Anyway the point of this rambling little  post is to introduce a recurring series of posts about my personal discoveries in said genre.  You can be assured that I have scoured high and low but lay no claim to being either definitive or comprehensive.  What will follow will be an ongoing series of posts identifying the music of one composer or group whose music sounds minimalist or pattern based at least to my ears and which I find pleasing and/or significant in some way.  I will head each post with the identifying acronym NAM (Not Another Minimalist!).

Michael Nyman in Sant Cugat del Vallès

Michael Nyman in Sant Cugat del Vallès (Photo credit: Wikipedia)

The most useful books for me on this subject for me are those by Kyle Gann, Tom Johnson, Michael Nyman, Wim Mertens and Robert Fink.  I am listing these as my primary influences and do not mean to discount important works by other writers on the subject.  Gann’s ‘American Music in the Twentieth Century'(1997) and the collection of articles, ‘Music Downtown'(2006) remain among the most lucid descriptions and analyses of minimalist music.  He also maintains a blog with pretty regular posts at (http://www.artsjournal.com/postclassic/).  Gann’s work might not have been possible without the work of fellow composer and journalist Tom Johnson whose collection of reviews, ‘The Voice of New Music’ (1991) is one of the most important collections of reviews of the burgeoning ‘downtown music’ scene in New York in the 70s and 80s where purveyors of this genre first displayed their wares .  Both ‘Music Downtown’ and ‘The Voice of New Music’ are collections of reviews of concerts and events written for the Village Voice.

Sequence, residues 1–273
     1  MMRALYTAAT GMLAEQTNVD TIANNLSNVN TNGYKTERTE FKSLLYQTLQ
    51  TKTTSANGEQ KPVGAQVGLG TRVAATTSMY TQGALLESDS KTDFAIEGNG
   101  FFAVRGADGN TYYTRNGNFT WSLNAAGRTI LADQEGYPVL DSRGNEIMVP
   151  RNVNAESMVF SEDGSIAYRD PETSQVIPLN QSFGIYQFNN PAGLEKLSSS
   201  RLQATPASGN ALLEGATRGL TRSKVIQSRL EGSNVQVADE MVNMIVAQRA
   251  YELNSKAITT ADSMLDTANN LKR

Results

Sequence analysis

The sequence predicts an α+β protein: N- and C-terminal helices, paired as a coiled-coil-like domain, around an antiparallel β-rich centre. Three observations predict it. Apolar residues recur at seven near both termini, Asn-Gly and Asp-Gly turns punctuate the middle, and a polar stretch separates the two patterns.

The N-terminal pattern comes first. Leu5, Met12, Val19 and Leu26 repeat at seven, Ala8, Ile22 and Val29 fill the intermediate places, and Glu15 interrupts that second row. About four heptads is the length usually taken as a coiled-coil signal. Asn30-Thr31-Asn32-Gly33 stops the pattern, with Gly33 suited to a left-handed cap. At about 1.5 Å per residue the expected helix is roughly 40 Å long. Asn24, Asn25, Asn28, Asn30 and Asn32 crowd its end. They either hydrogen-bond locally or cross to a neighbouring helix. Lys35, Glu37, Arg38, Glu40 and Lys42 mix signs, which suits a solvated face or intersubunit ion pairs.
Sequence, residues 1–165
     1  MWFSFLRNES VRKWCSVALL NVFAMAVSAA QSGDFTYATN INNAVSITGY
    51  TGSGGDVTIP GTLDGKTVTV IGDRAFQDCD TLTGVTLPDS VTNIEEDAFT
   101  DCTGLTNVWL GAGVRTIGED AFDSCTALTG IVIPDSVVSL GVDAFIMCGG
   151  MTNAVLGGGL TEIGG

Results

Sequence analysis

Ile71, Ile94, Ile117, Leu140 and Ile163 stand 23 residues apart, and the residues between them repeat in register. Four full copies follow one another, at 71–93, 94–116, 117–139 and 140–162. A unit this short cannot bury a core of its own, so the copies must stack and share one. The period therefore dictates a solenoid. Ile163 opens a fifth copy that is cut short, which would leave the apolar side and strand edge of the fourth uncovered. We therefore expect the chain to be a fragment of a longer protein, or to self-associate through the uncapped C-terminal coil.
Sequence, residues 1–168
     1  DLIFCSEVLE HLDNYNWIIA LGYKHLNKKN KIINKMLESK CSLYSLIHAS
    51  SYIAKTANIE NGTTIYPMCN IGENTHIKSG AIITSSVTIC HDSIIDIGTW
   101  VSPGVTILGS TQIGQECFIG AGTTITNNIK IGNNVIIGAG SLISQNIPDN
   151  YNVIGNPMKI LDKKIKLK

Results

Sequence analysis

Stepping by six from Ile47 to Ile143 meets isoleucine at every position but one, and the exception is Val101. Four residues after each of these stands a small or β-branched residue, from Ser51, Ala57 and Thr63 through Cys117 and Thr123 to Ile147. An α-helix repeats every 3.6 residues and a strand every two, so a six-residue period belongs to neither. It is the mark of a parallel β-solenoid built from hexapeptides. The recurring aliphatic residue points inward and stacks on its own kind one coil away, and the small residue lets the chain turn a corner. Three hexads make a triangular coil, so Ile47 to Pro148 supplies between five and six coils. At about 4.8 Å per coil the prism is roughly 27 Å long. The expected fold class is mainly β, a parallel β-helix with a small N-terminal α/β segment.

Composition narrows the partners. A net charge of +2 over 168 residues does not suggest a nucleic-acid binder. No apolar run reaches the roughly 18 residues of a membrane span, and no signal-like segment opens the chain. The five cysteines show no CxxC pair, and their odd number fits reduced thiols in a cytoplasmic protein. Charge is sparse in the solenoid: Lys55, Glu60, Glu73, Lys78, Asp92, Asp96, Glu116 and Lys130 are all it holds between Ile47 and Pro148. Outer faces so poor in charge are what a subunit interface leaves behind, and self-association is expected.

UCLA professor and music critic Robert Fink on...

UCLA professor and music critic Robert Fink on the “Different Strokes” panel at the 2009 Pop Conference, Experience Music Project, Seattle, Washington. (Photo credit: Wikipedia)

Michael Nyman’s book, ‘Experimental Music: Cage and Beyond'(1974) is among the earliest to describe this music and its context.  Wim Merten’s ‘American Minimal Music'(1988) is a great analysis of the essential canon.  Unfortunately these have been difficult to find lately and hopefully some reissues including digital formats may be forthcoming.

Robert Fink is a musicologist at UCLA.  His book, ‘Repeating Ourselves’ provides one of the most wide-ranging and comprehensive analyses of the concept of minimalism and pattern music.  He works across all music genres and cultural practices to identify a sort of minimalist ethic and has done much to shape my thinking in this area.

There are certainly many other fine books on the subject and that itself may need to be the subject of a future post.

I don’t like all music in this category (or any category for that matter) but it is the one which feels kind of like a personal discovery to me and a genre that continues to interest me.   And I can report that there is a good deal of music  outside the classic canon of minimalism that is definitely worth the effort to find.  And there are pieces of music written before the 1960s which appear in hindsight to have been sorts of precursors to this style.

This will be an occasional series of posts and I have decided to gather them under the somewhat facetious acronym of NAM (Not Another Minimalist) for the sake of easy reference should any reader actually find these posts useful.  My intent is both to share my discoveries and to generate debate and comment about this type of music.  I want to explore and share artistically interesting developments that lie outside the Reich/Glass/Riley/Young canon of minimalism.  As always I welcome discussion and feedback.